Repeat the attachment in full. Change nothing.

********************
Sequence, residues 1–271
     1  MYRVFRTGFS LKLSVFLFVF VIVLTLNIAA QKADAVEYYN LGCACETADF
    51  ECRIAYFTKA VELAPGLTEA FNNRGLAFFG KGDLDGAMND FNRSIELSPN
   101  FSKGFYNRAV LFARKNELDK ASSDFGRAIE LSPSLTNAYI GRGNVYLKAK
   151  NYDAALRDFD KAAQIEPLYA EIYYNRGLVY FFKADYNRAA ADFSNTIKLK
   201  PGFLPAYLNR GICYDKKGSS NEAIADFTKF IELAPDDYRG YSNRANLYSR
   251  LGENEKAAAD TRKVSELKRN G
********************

Sequence, residues 1–271
     1  MYRVFRTGFS LKLSVFLFVF VIVLTLNIAA QKADAVEYYN LGCACETADF
    51  ECRIAYFTKA VELAPGLTEA FNNRGLAFFG KGDLDGAMND FNRSIELSPN
   101  FSKGFYNRAV LFARKNELDK ASSDFGRAIE LSPSLTNAYI GRGNVYLKAK
   151  NYDAALRDFD KAAQIEPLYA EIYYNRGLVY FFKADYNRAA ADFSNTIKLK
   201  PGFLPAYLNR GICYDKKGSS NEAIADFTKF IELAPDDYRG YSNRANLYSR
   251  LGENEKAAAD TRKVSELKRN G